This perception is slowly changing but we’re definitely not there yet. On the other side, there is still much confusion around what Legal by Design really is. Many associate it to graphic design, the use of icons or visually exciting features. To overcome this misleading interpretation, when defining Legal by Design, I like to cite Steve Jobbs. He used to say that “Design is not just what it looks like or feels like. Design is how it works”.

How far does the Legal by Design framework go to fix the issue of siloed teams?

My starting point is that the complexity and uncertainties generated by the use cases we are looking into today (from a technical, legal and value exchange perspectives), require co-creation and trustworthy collaboration amongst professionals with diverse and unusual perspectives, where lawyers are not just external advisors, called in at the end of a given process, but team players and designers.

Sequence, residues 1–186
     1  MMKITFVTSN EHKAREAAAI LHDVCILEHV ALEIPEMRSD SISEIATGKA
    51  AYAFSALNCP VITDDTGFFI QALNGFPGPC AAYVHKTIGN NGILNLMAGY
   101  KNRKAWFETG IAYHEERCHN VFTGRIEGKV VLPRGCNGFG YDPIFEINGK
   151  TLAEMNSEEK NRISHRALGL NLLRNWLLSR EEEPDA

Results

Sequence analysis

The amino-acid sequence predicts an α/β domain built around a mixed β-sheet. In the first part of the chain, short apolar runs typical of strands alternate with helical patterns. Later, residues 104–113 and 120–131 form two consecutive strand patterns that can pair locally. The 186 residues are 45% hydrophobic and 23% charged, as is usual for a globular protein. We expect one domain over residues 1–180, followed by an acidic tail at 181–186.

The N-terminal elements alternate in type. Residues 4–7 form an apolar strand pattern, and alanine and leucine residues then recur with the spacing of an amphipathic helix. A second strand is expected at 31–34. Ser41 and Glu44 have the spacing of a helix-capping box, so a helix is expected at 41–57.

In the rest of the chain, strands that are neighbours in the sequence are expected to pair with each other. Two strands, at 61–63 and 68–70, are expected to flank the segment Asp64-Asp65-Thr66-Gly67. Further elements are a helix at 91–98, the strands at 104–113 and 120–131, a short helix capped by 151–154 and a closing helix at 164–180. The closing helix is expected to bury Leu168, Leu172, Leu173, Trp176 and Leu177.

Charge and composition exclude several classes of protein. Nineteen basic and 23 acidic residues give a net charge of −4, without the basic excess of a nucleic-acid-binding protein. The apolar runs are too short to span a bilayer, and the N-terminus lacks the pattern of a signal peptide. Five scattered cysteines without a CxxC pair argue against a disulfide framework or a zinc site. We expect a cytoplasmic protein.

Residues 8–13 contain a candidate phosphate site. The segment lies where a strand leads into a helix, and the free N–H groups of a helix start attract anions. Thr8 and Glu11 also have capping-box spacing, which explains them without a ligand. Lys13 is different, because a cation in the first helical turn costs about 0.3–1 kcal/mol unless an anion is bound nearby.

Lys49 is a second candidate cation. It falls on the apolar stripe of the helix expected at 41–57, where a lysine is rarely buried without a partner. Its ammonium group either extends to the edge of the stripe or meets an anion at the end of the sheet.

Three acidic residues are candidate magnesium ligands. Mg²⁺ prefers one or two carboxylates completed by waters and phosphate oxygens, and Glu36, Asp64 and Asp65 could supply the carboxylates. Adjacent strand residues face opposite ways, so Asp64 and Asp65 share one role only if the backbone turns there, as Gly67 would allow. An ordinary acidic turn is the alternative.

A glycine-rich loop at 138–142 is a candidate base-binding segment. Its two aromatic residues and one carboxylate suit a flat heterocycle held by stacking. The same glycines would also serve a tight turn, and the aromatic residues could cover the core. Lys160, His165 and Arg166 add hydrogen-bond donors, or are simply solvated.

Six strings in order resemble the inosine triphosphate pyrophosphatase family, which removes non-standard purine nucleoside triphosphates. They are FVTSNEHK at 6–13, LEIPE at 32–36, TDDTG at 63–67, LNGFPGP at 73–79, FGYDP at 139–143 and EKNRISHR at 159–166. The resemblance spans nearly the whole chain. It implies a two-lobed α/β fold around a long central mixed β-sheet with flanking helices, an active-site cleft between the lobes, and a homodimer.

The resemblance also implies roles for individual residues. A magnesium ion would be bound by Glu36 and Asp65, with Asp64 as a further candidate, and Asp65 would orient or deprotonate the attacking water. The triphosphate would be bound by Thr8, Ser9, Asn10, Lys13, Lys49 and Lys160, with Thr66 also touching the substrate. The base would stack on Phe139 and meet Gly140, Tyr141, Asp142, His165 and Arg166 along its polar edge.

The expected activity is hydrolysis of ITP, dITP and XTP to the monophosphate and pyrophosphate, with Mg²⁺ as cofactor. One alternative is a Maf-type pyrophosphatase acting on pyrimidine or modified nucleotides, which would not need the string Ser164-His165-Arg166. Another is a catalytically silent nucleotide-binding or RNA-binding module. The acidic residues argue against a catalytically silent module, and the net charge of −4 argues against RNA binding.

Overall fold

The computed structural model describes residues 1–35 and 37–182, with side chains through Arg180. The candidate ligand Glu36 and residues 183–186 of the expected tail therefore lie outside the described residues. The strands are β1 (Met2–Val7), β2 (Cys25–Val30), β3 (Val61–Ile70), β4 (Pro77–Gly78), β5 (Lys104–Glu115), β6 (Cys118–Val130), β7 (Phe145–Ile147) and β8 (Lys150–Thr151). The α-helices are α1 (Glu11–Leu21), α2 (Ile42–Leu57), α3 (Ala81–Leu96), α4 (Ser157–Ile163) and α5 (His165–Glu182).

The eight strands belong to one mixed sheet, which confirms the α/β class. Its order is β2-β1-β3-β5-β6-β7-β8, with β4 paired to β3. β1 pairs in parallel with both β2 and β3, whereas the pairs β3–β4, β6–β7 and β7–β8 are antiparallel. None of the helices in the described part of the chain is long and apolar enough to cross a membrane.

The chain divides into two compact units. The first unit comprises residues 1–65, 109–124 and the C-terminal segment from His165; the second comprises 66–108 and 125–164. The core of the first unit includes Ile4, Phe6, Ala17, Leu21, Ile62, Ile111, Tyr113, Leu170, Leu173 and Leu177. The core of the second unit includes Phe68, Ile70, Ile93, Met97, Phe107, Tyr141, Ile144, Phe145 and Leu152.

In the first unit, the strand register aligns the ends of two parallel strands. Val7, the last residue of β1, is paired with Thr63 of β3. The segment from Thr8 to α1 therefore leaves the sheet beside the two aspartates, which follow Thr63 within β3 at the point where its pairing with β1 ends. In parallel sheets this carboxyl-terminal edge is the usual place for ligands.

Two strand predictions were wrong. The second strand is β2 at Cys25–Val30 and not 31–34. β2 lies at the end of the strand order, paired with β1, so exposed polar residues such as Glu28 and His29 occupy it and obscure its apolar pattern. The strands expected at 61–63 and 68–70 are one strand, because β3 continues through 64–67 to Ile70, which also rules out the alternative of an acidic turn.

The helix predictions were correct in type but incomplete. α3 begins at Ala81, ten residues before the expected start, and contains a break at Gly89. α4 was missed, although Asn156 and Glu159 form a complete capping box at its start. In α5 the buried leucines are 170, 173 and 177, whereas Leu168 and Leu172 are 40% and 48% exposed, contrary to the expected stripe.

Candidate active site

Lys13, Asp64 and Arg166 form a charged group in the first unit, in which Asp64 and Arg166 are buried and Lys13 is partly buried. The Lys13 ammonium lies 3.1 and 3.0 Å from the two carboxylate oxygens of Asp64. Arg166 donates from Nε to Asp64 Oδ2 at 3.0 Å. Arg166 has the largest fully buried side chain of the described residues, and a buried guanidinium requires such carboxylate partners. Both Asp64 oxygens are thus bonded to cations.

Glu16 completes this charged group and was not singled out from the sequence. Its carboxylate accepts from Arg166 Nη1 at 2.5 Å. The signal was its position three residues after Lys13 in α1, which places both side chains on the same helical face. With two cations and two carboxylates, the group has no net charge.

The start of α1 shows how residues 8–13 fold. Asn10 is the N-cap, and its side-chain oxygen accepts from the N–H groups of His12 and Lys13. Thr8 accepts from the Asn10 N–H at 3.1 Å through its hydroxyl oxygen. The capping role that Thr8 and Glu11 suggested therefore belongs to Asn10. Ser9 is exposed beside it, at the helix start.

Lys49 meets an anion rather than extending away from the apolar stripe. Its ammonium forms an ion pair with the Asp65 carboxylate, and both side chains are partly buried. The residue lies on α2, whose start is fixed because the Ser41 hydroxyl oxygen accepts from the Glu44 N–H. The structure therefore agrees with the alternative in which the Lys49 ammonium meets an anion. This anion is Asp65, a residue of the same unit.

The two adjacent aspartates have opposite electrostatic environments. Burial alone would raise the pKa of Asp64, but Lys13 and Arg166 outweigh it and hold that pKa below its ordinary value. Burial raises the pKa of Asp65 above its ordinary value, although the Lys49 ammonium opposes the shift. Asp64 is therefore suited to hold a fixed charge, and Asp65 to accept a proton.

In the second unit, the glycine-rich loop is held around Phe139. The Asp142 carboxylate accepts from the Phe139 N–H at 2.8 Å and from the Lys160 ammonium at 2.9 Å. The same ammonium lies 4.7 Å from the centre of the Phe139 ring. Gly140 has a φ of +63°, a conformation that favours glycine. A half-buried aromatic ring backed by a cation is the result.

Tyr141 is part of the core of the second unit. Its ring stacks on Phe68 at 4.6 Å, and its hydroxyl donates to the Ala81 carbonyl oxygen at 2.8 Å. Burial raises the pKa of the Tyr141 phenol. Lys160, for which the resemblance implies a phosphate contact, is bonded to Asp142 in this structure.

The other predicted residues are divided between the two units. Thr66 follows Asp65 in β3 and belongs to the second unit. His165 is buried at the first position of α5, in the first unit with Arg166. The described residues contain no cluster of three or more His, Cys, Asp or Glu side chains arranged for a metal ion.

This framework aims to help lawyers create a common language within their teams to simplify complex issues and make them comprehensible to all, and to guide their work on the basis of a shared understanding.

We cannot remain competitive on the market if we don’t offer the utmost data protection to our users, and treat their information in a way that is ethical, transparent and fair.

It does so by combining the double diamond, which is a methodology commonly used in Design Thinking for problem-discovery and IRAC (Issue, Rules, Application and Conclusion) which is an approach used by lawyers, and thus relatable to them, in addressing legal issues. The Framework identifies and creates touch points between Legal and the Business teams, in such a way that either party has visibility on the status and roadmap of the creation process. This way, teams can better collaborate towards a common vision, share information and expectations and anticipate next steps.

 What is the importance of ongoing communication between the legal department and a company’s chief privacy and security officers?

I don’t see one department functioning without the other, it’s a ‘design criteria’. We cannot effectively and efficiently address the legal, privacy and security issues in silos, they are too intertwined. How many products or services today have survived on the market (and without a backlash) by not jointly addressing these features and aspects?

The level of competition and innovation are such that consumers will eventually find the solution that best fits their needs and expectations of value.